So you forgot where you parked the car. That doesn’t mean you have Alzheimer’s disease, Tonda Ames said.
People with Alzheimer’s, even if they were to find their car, "might not know what to do once they get in it,” said Ames, spokeswoman for the Oklahoma/Arkansas chapter of the Alzheimer’s Association. "They may not know where they’re going.”
The number of Oklahomans over age 65 with Alzheimer’s is expected to jump almost 15 percent in the next decade, from 74,000 to 85,000, according to projections by the Alzheimer’s Association. That would likely be due to better recognition and an aging population, Dr. Calin Prodan said.
There’s plenty of confusion when it comes to Alzheimer’s, said Prodan, a neurologist at OU Health Sciences Center and the VA Medical Center. Patients he sees have been referred for some sort of "generic” memory loss.
The key, Prodan said, "is to determine if this memory loss is more severe than you would expect with just simple aging.” Of all patients he sees who have memory loss, he said, probably two-thirds have dementia. A patient is considered to have dementia if the memory loss is pronounced enough to impair the person’s ability to function normally.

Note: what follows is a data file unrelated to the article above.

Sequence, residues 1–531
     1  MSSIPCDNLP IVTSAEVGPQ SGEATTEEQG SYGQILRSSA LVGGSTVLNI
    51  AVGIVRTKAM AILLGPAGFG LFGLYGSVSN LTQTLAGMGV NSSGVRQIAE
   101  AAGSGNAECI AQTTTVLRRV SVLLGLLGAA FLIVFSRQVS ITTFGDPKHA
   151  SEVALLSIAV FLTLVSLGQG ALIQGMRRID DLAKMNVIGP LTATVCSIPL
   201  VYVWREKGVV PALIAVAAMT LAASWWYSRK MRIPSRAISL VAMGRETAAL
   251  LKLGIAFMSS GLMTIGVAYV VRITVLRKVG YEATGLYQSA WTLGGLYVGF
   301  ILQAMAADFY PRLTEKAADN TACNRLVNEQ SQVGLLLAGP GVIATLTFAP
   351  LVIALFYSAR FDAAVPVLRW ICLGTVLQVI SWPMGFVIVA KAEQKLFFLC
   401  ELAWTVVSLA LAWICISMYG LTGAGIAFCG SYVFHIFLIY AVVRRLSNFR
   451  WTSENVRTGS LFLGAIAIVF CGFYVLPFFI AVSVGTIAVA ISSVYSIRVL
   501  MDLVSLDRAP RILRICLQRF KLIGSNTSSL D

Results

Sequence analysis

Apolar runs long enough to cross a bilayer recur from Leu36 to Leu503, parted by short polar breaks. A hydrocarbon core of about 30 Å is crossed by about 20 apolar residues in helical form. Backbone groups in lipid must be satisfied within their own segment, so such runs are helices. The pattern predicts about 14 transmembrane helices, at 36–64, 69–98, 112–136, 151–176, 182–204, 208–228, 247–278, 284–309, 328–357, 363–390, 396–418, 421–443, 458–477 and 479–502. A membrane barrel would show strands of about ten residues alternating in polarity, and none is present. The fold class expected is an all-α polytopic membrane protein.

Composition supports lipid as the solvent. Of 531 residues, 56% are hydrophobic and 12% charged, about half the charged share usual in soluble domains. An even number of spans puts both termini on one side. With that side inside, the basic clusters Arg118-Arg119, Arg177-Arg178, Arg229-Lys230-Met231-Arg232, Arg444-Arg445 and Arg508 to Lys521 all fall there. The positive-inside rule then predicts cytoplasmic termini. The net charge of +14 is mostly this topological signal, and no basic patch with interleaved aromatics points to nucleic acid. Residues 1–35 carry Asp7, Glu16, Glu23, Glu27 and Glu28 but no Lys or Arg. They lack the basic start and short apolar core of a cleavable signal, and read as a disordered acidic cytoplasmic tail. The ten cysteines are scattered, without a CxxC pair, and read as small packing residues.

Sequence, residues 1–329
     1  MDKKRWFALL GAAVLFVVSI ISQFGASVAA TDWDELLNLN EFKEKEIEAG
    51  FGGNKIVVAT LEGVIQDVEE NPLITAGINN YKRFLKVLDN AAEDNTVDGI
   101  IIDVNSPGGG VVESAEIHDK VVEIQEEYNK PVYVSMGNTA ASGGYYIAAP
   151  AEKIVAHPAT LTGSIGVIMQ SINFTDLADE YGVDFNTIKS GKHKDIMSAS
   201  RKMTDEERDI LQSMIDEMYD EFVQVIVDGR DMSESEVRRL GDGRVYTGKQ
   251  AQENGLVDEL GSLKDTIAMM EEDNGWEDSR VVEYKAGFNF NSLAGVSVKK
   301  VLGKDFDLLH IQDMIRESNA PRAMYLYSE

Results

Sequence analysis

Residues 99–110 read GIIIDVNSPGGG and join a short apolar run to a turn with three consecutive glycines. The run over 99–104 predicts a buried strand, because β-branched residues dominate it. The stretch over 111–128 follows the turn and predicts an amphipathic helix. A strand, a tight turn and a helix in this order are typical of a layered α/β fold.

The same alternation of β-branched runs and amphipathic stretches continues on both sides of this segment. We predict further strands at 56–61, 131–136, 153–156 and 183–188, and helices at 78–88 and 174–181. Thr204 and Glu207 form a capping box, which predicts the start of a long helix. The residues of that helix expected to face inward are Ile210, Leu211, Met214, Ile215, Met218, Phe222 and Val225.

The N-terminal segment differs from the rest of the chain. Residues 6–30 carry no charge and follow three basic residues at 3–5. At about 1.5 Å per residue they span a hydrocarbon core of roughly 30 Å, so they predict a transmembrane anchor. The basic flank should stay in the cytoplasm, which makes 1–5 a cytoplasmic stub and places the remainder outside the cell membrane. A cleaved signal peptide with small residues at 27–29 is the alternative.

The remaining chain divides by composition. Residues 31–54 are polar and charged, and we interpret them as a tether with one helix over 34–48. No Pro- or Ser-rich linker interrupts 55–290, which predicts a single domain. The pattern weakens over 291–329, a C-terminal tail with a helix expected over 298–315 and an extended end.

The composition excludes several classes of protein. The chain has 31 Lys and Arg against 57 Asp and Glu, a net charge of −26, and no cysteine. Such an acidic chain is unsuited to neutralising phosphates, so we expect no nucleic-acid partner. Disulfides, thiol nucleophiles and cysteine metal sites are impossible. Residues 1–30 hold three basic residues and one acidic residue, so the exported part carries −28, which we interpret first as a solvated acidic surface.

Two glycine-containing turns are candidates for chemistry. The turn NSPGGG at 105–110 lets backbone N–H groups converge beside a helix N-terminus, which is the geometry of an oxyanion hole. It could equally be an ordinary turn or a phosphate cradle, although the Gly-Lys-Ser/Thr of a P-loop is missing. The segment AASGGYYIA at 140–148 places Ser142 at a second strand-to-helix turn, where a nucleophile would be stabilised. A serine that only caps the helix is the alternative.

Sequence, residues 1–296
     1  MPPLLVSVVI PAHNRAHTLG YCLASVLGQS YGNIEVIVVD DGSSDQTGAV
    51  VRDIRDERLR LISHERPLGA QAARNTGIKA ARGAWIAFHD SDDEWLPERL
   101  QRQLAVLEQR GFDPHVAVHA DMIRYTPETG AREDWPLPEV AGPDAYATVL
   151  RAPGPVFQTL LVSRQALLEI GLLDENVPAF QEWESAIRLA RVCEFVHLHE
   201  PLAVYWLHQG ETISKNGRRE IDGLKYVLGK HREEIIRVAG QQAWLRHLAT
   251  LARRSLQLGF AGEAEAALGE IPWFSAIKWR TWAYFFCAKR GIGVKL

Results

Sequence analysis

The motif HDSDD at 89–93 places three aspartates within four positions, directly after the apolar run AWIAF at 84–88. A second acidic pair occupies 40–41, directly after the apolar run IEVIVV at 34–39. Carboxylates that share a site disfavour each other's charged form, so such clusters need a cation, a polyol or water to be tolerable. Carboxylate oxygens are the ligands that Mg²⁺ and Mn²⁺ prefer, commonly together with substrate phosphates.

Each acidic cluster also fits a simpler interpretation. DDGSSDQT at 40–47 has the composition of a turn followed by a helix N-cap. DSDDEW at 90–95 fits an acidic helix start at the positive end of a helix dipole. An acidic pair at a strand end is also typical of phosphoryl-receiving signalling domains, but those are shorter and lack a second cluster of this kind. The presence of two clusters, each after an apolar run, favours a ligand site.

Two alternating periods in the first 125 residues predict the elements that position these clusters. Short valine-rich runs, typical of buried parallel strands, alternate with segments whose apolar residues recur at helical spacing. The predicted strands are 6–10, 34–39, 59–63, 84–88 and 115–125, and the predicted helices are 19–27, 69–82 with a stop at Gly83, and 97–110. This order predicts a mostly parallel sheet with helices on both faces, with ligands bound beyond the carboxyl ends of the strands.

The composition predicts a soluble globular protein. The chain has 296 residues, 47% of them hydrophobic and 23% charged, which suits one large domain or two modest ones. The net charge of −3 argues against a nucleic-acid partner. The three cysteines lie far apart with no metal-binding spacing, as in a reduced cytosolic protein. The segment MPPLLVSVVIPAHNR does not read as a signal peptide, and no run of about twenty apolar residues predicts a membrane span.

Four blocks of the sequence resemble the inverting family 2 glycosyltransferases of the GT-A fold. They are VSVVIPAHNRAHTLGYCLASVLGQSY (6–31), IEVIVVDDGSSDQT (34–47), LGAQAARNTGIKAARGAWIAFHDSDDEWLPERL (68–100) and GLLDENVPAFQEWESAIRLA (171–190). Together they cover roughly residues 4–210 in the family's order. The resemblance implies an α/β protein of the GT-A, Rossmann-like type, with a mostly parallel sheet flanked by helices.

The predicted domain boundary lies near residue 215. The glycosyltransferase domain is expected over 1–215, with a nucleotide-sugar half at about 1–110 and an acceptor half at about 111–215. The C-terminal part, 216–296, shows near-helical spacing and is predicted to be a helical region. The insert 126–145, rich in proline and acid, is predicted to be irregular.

Of older people with dementia, Prodan said, about 60 percent have Alzheimer’s. "That’s the main cause of memory loss.” The other 40 percent have other diseases, from vascular dementia, to brain trauma, seizures or even brain tumors. "It’s a whole host of things,” he said. "Our job is to sort it out.”
Prodan has a particular interest in the dementia "gray area,” patients with mild cognitive impairment, or MCI. People in the MCI stage are capable of making decisions on finances, health, driving and other normal functions. Sometimes, medical staff discover other causes for the memory loss, such as thyroid conditions, Vitamin B12 deficiency or reactions to medicine.